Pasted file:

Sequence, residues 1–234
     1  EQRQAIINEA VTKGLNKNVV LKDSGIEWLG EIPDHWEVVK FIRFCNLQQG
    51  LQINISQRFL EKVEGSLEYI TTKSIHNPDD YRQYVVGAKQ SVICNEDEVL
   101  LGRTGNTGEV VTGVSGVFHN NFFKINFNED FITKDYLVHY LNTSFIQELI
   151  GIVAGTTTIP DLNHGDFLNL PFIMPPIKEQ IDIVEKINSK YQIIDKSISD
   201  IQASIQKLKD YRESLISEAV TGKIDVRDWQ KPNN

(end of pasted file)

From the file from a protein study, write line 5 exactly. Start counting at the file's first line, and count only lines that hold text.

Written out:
   151  GIVAGTTTIP DLNHGDFLNL PFIMPPIKEQ IDIVEKINSK YQIIDKSISD